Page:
Chronic Venous Insufficiency

Chronic venous insufficiency (CVI) manifests when the venous wall and/or valves within the leg veins lose their efficiency, impeding the smooth return of blood to the heart from the legs. This inefficiency leads to the accumulation of blood in these veins, a condition referred to as stasis.

Veins play a vital role in returning blood from all organs of the body to the heart. However, to reach the heart, blood must travel against gravity from the veins in the legs. This uphill journey is facilitated by the contraction of calf muscles and foot muscles with each step, which exert pressure on the veins, propelling blood upward. To prevent blood from flowing back downward, veins are equipped with one-way valves.

The onset of chronic venous insufficiency arises when these valves sustain damage, permitting blood to regurgitate backward. Valve impairment may be attributed to various factors such as aging, prolonged periods of sitting or standing, or a combination of aging and decreased mobility. As the veins and valves weaken, hindering the upward flow of blood to the heart, venous blood pressure remains elevated over extended durations, resulting in CVI.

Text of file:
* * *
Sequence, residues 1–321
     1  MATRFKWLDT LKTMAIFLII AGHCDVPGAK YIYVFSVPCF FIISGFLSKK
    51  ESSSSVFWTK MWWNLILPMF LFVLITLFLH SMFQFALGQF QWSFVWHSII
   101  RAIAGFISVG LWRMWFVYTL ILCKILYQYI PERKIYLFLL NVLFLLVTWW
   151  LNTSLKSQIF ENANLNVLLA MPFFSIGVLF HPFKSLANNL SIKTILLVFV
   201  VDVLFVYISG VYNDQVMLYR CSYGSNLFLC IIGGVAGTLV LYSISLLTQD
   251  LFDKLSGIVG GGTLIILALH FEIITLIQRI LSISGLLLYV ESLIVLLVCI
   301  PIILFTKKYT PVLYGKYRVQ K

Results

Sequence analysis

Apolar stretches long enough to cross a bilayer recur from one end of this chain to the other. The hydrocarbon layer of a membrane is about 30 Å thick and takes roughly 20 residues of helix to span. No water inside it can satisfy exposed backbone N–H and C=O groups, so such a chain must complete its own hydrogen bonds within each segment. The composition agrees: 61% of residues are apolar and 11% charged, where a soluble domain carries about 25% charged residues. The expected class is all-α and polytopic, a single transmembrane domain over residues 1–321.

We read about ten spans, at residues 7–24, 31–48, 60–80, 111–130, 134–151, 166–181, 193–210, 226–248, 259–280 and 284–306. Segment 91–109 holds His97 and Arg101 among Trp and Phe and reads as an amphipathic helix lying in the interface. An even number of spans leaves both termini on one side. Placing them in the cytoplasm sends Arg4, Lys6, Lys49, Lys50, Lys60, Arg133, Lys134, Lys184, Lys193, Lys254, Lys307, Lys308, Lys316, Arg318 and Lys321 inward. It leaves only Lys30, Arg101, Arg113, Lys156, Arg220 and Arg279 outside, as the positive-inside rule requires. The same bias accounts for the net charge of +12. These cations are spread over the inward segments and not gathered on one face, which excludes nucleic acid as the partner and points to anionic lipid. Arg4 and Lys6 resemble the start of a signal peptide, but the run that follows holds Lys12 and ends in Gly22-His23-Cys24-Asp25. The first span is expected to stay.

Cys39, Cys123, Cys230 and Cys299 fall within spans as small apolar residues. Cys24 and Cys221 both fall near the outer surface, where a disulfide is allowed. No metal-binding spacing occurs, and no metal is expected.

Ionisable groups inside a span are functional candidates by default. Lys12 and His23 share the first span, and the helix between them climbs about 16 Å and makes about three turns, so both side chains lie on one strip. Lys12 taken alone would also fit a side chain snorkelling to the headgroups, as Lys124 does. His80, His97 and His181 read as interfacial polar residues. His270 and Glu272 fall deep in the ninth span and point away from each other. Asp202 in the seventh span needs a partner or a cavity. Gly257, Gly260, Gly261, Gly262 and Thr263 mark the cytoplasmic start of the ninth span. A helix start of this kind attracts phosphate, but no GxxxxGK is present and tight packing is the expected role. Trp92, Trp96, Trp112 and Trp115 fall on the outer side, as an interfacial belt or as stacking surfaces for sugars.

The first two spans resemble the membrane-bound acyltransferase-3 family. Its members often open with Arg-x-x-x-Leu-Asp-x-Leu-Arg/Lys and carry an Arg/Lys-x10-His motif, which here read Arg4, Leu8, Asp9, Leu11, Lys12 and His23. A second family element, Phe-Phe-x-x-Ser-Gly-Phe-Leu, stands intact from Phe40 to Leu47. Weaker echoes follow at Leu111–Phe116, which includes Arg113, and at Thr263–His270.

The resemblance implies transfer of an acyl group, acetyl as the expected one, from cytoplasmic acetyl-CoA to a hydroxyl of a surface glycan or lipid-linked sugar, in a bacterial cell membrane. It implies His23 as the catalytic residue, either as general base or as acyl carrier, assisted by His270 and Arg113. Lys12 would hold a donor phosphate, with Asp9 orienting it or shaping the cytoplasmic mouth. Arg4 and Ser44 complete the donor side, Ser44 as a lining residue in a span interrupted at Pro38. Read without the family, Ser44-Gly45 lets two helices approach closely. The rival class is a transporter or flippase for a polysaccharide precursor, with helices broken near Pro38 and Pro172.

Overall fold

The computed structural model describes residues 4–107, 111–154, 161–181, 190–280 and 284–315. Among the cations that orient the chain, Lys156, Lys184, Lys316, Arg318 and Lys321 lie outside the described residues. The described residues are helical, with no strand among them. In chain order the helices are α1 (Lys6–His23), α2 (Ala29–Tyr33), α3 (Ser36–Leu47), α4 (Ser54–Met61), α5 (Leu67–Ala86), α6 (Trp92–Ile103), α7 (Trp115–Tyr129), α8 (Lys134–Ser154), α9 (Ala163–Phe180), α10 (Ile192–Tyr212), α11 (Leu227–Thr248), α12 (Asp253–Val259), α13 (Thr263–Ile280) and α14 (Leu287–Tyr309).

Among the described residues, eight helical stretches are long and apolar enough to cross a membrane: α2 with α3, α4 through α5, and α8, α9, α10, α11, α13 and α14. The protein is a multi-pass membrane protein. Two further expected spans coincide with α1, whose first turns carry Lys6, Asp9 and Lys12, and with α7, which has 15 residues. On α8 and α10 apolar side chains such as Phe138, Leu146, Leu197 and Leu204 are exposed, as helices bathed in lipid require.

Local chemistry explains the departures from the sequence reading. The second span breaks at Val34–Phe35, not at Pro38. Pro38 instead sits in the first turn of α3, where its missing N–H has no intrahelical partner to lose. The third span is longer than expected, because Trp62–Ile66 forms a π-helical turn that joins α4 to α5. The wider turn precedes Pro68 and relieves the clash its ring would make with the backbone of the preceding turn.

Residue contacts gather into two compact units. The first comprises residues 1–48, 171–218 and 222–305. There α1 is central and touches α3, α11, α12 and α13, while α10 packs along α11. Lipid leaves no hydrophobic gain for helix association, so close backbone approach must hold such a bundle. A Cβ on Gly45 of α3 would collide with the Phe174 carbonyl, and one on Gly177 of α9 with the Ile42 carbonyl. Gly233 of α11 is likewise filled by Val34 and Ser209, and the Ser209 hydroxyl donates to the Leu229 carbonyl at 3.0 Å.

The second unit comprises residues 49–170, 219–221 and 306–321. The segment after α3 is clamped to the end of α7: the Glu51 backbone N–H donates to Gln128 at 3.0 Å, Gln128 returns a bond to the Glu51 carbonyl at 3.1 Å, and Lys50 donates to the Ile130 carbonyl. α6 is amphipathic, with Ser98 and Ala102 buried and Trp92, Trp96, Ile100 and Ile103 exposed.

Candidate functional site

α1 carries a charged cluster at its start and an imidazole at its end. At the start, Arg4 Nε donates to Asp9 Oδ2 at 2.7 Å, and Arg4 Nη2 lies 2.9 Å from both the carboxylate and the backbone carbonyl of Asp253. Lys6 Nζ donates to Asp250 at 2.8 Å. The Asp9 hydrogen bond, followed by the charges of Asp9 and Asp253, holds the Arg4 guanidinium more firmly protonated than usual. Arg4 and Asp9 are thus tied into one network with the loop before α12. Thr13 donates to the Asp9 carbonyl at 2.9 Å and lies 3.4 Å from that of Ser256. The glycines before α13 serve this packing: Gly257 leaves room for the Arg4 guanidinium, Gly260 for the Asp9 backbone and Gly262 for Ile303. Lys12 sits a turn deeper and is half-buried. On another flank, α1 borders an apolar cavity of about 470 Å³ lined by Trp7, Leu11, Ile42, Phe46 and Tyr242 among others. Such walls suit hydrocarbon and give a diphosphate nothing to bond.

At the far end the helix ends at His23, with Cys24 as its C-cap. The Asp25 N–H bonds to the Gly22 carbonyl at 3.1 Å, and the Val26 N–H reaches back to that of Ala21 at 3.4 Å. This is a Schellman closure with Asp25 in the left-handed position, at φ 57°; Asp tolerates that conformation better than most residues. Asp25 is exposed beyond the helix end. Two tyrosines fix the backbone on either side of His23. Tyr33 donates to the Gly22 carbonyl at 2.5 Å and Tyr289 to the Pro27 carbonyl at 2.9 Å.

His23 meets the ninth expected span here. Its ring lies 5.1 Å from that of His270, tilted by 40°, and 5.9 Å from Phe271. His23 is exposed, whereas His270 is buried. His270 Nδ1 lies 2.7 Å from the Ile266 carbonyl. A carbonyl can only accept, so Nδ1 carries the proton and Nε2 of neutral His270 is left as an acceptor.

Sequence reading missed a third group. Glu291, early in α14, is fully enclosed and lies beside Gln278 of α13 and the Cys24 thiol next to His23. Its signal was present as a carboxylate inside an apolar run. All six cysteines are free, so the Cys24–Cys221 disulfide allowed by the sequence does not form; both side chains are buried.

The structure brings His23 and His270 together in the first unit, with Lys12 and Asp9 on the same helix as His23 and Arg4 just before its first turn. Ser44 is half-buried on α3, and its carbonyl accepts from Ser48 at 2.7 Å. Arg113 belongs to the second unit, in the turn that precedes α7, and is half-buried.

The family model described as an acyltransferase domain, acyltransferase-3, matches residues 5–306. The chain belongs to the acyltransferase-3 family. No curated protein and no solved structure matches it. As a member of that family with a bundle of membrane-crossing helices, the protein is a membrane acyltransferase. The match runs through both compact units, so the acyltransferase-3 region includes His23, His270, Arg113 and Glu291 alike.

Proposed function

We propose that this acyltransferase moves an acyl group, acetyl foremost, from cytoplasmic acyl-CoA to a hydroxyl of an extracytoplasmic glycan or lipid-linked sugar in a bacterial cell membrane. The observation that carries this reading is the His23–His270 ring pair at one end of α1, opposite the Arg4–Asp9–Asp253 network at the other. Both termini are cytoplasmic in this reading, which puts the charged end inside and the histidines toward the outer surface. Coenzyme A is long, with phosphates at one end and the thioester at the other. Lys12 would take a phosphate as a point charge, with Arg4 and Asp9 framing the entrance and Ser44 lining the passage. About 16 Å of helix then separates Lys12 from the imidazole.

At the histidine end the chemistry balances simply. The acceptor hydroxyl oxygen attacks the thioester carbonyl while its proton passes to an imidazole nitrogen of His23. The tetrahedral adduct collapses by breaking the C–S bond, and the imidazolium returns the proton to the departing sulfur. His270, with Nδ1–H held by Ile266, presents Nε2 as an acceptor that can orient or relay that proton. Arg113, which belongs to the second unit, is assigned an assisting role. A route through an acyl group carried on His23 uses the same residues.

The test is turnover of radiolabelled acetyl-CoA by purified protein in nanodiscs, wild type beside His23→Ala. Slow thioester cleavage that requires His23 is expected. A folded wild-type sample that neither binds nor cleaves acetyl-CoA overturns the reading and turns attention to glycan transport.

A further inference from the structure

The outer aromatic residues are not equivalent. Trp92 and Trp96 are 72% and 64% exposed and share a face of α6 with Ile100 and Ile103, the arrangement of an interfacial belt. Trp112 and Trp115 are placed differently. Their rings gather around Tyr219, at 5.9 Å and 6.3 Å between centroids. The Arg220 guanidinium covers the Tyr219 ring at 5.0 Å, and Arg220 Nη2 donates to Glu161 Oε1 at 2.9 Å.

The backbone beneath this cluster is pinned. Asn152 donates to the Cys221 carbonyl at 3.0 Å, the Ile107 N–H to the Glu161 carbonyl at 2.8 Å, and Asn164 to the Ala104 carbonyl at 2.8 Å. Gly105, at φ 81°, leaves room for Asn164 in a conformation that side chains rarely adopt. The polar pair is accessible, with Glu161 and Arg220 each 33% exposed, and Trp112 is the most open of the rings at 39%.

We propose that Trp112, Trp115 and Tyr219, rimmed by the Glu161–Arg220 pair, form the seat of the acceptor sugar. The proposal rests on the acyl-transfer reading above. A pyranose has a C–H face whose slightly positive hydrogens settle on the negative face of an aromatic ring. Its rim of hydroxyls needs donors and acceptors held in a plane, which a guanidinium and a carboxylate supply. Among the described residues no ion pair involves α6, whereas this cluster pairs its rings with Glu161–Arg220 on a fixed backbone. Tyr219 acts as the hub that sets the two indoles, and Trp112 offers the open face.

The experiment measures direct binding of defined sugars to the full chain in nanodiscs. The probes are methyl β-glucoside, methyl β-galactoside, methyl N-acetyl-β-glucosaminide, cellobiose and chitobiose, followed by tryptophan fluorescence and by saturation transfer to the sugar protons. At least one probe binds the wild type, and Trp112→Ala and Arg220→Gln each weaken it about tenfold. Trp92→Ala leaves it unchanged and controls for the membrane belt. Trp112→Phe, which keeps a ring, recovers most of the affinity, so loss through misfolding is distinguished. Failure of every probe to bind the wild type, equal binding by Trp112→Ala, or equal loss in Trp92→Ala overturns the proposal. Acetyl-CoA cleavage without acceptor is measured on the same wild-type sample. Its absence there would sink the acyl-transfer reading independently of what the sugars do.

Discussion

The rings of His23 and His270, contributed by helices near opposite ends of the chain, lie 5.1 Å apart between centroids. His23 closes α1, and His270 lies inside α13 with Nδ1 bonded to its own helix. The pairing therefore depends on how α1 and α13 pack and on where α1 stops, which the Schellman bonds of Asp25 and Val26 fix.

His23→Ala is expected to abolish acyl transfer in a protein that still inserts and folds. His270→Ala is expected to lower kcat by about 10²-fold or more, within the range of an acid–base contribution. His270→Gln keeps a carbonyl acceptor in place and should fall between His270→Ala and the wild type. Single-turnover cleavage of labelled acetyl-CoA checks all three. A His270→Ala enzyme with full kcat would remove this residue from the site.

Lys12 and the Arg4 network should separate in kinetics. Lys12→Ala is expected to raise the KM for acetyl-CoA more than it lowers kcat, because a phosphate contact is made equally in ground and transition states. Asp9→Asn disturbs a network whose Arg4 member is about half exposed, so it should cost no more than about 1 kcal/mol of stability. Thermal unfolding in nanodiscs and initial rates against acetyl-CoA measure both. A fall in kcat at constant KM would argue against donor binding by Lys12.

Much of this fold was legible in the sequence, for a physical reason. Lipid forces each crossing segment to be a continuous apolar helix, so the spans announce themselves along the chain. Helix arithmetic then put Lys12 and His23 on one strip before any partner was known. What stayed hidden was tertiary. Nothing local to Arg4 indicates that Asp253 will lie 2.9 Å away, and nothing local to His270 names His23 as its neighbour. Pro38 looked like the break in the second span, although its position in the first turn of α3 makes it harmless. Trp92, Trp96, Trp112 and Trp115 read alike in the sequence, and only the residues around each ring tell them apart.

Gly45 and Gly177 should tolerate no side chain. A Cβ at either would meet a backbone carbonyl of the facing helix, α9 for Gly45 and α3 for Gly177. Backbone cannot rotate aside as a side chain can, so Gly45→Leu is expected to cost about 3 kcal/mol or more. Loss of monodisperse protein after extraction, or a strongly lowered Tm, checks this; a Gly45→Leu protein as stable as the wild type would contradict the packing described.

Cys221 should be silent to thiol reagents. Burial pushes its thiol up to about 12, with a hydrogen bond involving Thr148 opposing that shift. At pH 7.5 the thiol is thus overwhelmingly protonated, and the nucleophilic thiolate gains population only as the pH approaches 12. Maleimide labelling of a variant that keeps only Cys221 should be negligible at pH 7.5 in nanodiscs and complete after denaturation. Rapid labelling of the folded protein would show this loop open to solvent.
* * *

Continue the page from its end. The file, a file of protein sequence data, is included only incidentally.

CVI commonly stems from conditions like deep vein thrombosis (DVT), characterized by blood clot formation in the deep veins of the legs. Additionally, CVI may arise from pelvic tumors, vascular malformations, or occasionally, for reasons yet unknown. The compromised function of leg vein valves in retaining blood against gravity leads to sluggish blood movement out of the veins, culminating in leg swelling.


– Lower leg and ankle swelling, particularly after prolonged periods of standing
– Leg aching or fatigue
– Emergence of new varicose veins
– Skin on the legs appearing leathery
– Flaky or itchy skin on the legs or feet
– Presence of stasis ulcers (or venous stasis ulcers)

Risk Factors:
– History of deep vein thrombosis (DVT)
– Varicose veins or a familial predisposition to varicose veins
– Obesity
– Pregnancy
– Sedentary lifestyle
– Smoking
– Extended periods of standing or sitting
– Female gender
– Age exceeding 50

Contact Our Office

Orlando Heart & Vascular Institute450 W. Central Parkway – Altamonte Springs, FL 32714

Phone: (407) 767-8554
Fax Number: 407-767-9121

Office hours: Monday-Thursday 8:00 am-4: 30 pm
Friday 8:00 am-12:00 pm

Office hours: Monday, Wednesday and Thursday 8am-4:30pm